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Deepening Public Discussion

In all it does, IF tries to both widen and deepen democratic discussion.  Widening discussion seems pretty straightforward.  But what does “deepening” democratic discussion mean?  —The short answer is that it means aiming at real learning and, from there, to enhanced discussion skills and changed behaviors.  In short, “deepening” discussion means producing outcomes in three areas: cognition, communication, and citizenship.  Don’t let the neat alliteration of the “3 C’s” fool you—these interpenetrate and interact in many ways (and in different ways depending on which of IF’s three activity areas you might be looking at).  But they’re a handy starting point for explaining just how much yardage we expect to gain from our discussions.

Cognition. Exploratory discussion requires taking on a range of broad and contrasting perspectives.  This leads to learning of various kinds.  Only infrequently would we expect it to lead anyone to “change their mind”; but we do expect it to regularly, even predictably, lead people to enrich their thinking, both about the topic under discussion and, to a lesser extent, about public policy concerns in general.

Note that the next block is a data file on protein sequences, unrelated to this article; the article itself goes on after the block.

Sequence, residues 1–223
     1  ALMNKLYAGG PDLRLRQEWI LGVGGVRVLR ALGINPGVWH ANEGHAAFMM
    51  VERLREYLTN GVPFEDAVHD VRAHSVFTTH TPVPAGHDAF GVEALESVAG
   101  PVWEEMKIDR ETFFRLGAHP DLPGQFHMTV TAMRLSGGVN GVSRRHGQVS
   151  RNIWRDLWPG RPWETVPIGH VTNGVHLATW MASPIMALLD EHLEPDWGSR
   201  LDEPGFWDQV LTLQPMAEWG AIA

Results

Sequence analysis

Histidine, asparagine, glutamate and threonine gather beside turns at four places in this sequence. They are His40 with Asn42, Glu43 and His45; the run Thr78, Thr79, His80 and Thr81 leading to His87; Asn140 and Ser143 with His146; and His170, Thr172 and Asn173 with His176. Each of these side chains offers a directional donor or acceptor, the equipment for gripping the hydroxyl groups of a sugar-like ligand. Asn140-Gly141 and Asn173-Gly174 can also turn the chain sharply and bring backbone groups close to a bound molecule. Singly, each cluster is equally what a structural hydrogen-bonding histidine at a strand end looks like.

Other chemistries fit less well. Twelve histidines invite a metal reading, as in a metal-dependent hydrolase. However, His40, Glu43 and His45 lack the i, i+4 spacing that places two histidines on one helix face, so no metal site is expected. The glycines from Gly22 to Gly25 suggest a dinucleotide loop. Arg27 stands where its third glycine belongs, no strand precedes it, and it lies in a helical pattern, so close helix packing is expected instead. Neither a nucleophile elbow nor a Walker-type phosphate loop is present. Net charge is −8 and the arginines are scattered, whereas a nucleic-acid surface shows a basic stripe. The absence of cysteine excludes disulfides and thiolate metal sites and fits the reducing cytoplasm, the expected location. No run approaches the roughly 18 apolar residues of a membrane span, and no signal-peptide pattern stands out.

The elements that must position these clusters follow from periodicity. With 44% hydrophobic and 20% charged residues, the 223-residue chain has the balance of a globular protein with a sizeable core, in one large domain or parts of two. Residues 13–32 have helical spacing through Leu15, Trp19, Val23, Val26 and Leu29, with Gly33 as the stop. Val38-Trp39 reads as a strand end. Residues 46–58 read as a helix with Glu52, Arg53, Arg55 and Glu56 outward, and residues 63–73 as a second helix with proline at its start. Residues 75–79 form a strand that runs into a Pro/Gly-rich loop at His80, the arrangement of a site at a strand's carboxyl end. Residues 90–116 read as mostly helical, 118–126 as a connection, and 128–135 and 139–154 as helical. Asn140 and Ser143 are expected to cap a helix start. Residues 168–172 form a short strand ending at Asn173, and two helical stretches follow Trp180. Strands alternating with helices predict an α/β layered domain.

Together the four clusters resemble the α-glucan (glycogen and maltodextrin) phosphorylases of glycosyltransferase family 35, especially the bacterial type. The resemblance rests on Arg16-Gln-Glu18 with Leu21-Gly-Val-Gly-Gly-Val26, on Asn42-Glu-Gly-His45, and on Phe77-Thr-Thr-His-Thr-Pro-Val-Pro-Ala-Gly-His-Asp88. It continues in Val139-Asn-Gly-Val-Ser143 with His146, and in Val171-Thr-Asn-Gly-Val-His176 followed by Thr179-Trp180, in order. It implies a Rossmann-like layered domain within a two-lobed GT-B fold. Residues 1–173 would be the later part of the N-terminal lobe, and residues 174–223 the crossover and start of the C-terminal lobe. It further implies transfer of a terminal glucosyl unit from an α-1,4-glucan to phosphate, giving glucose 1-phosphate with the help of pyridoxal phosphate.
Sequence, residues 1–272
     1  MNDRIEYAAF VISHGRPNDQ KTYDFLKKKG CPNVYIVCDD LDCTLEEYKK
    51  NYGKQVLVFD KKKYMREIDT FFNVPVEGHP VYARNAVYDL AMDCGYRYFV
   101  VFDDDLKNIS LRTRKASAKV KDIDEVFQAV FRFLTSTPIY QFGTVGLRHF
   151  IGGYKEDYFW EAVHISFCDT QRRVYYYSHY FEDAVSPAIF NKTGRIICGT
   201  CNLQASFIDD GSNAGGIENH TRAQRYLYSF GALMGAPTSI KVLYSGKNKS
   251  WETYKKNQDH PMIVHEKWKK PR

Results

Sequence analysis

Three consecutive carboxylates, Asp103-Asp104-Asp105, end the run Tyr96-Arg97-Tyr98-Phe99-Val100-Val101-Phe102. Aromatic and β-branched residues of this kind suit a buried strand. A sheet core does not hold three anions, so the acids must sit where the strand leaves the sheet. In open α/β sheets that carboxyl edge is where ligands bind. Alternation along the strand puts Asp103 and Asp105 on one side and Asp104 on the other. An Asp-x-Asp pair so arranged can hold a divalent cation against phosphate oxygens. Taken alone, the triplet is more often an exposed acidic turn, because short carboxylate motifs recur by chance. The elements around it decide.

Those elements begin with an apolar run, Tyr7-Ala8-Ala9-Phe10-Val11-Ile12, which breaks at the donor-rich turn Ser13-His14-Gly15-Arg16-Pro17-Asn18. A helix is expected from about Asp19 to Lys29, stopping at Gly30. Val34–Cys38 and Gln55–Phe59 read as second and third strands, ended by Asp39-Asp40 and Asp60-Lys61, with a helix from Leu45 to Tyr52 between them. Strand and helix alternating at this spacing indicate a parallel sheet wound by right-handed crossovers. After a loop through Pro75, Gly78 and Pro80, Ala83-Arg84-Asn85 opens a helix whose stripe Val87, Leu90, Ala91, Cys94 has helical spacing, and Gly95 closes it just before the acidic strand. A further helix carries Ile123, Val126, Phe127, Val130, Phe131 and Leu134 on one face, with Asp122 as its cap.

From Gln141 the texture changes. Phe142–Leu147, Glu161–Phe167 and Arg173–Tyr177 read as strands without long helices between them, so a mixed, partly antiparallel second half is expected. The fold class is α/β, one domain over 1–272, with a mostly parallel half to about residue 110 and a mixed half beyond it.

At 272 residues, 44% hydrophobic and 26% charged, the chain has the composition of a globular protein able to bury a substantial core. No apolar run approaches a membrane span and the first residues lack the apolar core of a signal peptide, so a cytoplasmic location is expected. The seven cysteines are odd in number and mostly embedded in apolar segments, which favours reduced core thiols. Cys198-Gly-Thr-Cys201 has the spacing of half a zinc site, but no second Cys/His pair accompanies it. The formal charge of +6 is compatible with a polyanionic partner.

Communication. Exploratory discussion features an openness to new ideas and to other people and perspectives.  This openness, when reciprocated, often encourages creativity, sometimes something more like genuine emancipation.  Some people are good listeners, others good speakers.  Exploratory discussion tends to help both because both speaking and listening are stimulated and rewarded.

Citizenship. Exploratory public discussions are themselves an act of citizenship.  However, we expect them to be energizing in many ways, leading to increased attention to and involvement in many aspects of the democratic process (including democratic discussion).  IF founder Jay Stern conceived of the IF Discussion Process as a way to encourage thoughtful democratic choices.  It may turn out that the most enduring of those choices turns out to be greater engagement in democracy itself, a product of the Process’s seriousness of purpose on the one hand, and the satisfaction and social connections it produces, on the other.